“Now is the winter of our discontent / Made glorious summer by this son of York.”
—Shakespeare’s Richard The Third
In historical research, you look at events from as many sides as possible, and place eyewitness accounts into context by being aware of the circumstances in which the events took place, and who is recording them. If you do not know the events leading up to the main event, the players or what is at stake, the reasons why it happened remain obscure.
Researching to write a novel about a historical figure led me to a dozen different biographies, all of which painted a large canvas and shed insight into the different interconnecting tales. Unfortunately, information about this or that historical figure was not always available in the book about them, and often turned up as side notes or incidents in other people’s stories. Had I not sought out secondary figures, I may have never learned the truth about the main players. Their biographers did not find it, as their scope was too small. Reading about one told me why another made certain decisions!
Understanding former cultures also requires researching the period; I can tell a biographer who has spent no time doing this, because their conclusions do not take into account how people thought during that particular period. We must also question where the information came from and what agenda formed it. Who said it, and why did they say it? Thus, many facts are no longer facts; they are opinions, passed down as facts.
This approach is frightening, because if you cannot trust a major source, everything built on it is untrue. Unraveling the source undoes years of study, research, college term papers, biographies, documentaries, and professional careers.
Let me give you one example of history thus tainted by “facts” that are not facts: King Richard III. He is known in popular culture as a hump-backed, withered-handed tyrant who likely murdered his nephews for the throne.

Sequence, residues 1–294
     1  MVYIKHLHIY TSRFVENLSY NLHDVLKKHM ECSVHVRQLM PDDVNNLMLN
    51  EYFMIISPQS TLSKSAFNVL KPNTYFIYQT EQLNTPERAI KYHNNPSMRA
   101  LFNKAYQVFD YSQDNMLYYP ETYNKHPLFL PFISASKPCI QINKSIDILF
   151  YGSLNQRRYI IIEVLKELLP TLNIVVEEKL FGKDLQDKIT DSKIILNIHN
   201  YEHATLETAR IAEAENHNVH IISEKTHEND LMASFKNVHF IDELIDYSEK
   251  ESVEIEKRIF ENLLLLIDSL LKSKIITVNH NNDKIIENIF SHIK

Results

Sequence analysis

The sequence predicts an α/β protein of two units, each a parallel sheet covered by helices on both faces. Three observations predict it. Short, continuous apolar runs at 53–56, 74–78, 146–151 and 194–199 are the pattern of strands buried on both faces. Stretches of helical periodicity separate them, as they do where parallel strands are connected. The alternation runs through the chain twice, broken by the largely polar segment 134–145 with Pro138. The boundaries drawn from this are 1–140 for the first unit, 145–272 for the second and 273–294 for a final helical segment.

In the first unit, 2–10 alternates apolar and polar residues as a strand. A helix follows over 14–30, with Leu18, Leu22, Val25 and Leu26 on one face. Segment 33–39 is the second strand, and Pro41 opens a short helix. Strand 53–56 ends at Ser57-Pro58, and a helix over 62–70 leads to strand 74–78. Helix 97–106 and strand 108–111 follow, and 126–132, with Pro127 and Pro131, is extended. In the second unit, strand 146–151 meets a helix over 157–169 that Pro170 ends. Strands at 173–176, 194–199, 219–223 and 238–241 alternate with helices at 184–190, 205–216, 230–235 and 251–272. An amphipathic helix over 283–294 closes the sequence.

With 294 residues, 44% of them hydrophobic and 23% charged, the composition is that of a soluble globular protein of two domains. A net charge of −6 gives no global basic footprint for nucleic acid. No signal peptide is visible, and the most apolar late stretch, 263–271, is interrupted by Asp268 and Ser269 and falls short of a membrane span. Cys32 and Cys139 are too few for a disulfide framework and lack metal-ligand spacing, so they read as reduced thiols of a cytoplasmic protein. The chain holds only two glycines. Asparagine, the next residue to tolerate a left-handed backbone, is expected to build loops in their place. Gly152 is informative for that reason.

Or… did it happen that way?
Let us change the order of events.
With Edward’s death, his brother Richard took the throne as regent for his two underage nephews. They disappeared. Richard died in battle, sacrificing the throne to Henry Tudor. Within a decade, a boy claiming to be one of the Princes tried to claim the English throne. Henry caught and executed him. Another claimant fled abroad. Henry arrested one of his conspirators, Lord Tyrell. Before his death Tyrell confessed to killing the princes for Richard. His sentence was commuted to a less brutal execution. This put an end to any future pretenders claiming to be a lost prince. Sir Thomas More included the confession in his book on Richard, which was a source for Shakespeare’s research when he wrote the play during Elizabeth Tudor’s reign. Making Richard into a misshapen villain painted the Tudors in a positive light as having rescued England from the clutches of a tyrant, further validating their right to rule in a time of political and religious upheaval.
Knowing Tyrell received a less painful death as a result of his confession, can we trust it? It also validated Henry’s kingship (it is moral to seize the throne from a tyrant who would murder his own nephews) in a time of uncertainty, ended future claims of royal blood, and justified the pretender’s death. Thomas More had an interest in pleasing the Tudors, as did Shakespeare.
It is important to carry this over into the modern age as well, where facts are often obscured by personal opinion. Who said it and why? Who benefits from it, and in what way? What is the surrounding context? What are the motives and circumstances? Only then can we start to discern fact from myths, rumors, and lies. ♥